Diesel hypocrisy or the reality of tough choices?

An investigation by Auto Express into 320 local authorities in England and Wales has revealed that on average more than 90% of council operated vehicles use diesels.

The problem for policymakers is that introducing regulations restricting diesel vehicle access, while running municipal fleets powered by diesel, are seen as hypocritical and undemocratic.

This is a significant issue in Bristol where the council fleet is 81.5% diesel, and where policymakers have asked the Government for permission to ban private diesel cars from entering the city.

The root of the issue is the perception that one type of technology (in this case diesel) is ‘bad’ and should be removed, even if the evidence does not support this.

The Dieselgate scandal has also reinforced this misleading position.

The evidence from the results of independent testing of both diesel and petrol technology reveals that fuel type is not a proxy for how vehicle emissions affect air quality.

The fundamental issue for local air quality is how the vehicle performs during actual on-road driving.

Results from vehicles tested and rated on the AIR Index show that there is parity between most clean diesel and petrol technology in terms of urban NOx emissions.

Our mission is to help reduce the negative impact of vehicle emissions in the short and long term, and we do this by providing vehicle ratings through the AIR Index.

We are technology neutral and believe that vehicle choice, whether by consumers or policy makers, is best informed by independent ratings.

The solution to the conundrum faced by policy makers with diesel fleets is to develop regulation based on the actual emissions from vehicles which can apply equally to the municipal fleet, private vehicles or public transport.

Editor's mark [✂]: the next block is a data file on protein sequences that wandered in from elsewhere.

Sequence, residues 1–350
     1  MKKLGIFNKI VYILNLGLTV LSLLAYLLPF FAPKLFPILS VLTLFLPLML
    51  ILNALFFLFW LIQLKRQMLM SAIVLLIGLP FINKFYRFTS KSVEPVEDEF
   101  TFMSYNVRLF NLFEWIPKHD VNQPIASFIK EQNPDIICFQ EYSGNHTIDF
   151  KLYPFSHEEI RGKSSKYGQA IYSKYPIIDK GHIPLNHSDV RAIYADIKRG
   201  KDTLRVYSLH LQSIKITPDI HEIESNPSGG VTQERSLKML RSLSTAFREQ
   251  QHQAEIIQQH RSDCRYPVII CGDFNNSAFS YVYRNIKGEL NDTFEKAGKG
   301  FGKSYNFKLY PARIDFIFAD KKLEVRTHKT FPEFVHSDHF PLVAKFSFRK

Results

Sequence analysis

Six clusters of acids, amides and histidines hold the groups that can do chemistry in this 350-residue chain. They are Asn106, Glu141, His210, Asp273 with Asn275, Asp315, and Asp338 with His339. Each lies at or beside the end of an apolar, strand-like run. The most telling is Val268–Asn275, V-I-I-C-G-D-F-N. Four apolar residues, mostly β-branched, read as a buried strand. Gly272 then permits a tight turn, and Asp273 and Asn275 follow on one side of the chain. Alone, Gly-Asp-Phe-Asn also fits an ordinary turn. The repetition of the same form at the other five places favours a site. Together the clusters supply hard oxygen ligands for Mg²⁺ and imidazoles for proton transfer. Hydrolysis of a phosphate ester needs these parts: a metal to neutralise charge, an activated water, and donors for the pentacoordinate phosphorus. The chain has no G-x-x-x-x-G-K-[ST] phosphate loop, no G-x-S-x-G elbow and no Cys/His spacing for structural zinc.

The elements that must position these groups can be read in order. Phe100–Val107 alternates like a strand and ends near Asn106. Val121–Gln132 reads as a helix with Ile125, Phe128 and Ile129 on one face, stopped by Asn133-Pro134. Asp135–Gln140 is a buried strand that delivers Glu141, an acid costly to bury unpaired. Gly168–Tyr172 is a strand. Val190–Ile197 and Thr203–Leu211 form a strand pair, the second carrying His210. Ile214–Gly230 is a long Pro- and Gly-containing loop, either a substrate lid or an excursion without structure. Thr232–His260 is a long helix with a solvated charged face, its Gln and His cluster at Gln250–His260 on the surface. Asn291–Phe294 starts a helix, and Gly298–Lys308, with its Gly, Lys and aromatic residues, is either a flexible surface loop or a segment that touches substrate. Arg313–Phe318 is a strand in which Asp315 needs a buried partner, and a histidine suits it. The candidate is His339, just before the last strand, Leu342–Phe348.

This approach is the most consistent, transparent and democratic because it replaces opinion and perception with scientific evidence to address the problem of air quality.

ULEZ London

Massimo Fedeli Co-founder of AIR says: “Banning diesel cars from an urban area is not the panacea many councils might think.

“Our own real-world tests have shown that the very latest diesels can play a major role in helping to improve air quality.

“For example, when we tested a 2018 Land Rover Discovery diesel, we found it emitted just 33 mg/km of NOx, well below the legal limit of 80 mg/km.

“And when it comes to vans – which cover more mileage than cars – we found the 2019 Volkswagen Crafter emitted 53 mg/km NOx, 72 mg less than its laboratory-based legal limit of 125 mg/km.

“But that’s not the case for all vehicles, which is where the problem lies.

“There is a huge variation between makes and models and although a car or van might conform to Euro 6 emissions standards, its actual emissions may vary enormously: for every ‘clean’ Volkswagen Crafter or Peugeot Partner, the vast majority of vehicles are way over the limit.

“For example, we’ve tested vehicles that can emit 19 times as much NOx as the legal limit.

“Many councils are seeking to follow London’s lead in basing ULEZ access upon Euro standards alone – but that is not an efficient or fair way to address the problem of air quality, since over-emitting newer Euro 6 cars and vans will be allowed in, yet older lower-emitting Euro 5 vehicles will attract penalty fines.

The only way councils can truly treat drivers and citizens fairly – and improve air quality in an urban area and make sure their own fleets are as clean as possible – is to use an independent source, such as the AIR Index.”

About AIR Index

AIR is a global not-for-profit organisation that empowers van and car buyers and policymakers with the ability to reduce vehicle emissions and improve air quality by providing an independent, trusted, on-road vehicle emissions ratings for vans and cars.

The AIR Index is an international, independent and standardised rating system that reveals accurately how much pollution a vehicle produces when it is used in towns and cities.

The results of the tests provide the basis to rate the vehicle according to the A-E, colour-coded scale.

The AIR Alliance provides clear, independent and trusted information to inform vehicle choice.

It wants to ensure that someone choosing their vehicle, a policymaker creating the rules for vehicle access to a city or a fleet manager writing the tender document does so with easy-to-use facts at hand to choose the cleanest cars that enable everyone to breathe more easily.

Find out more: www.airindex.com

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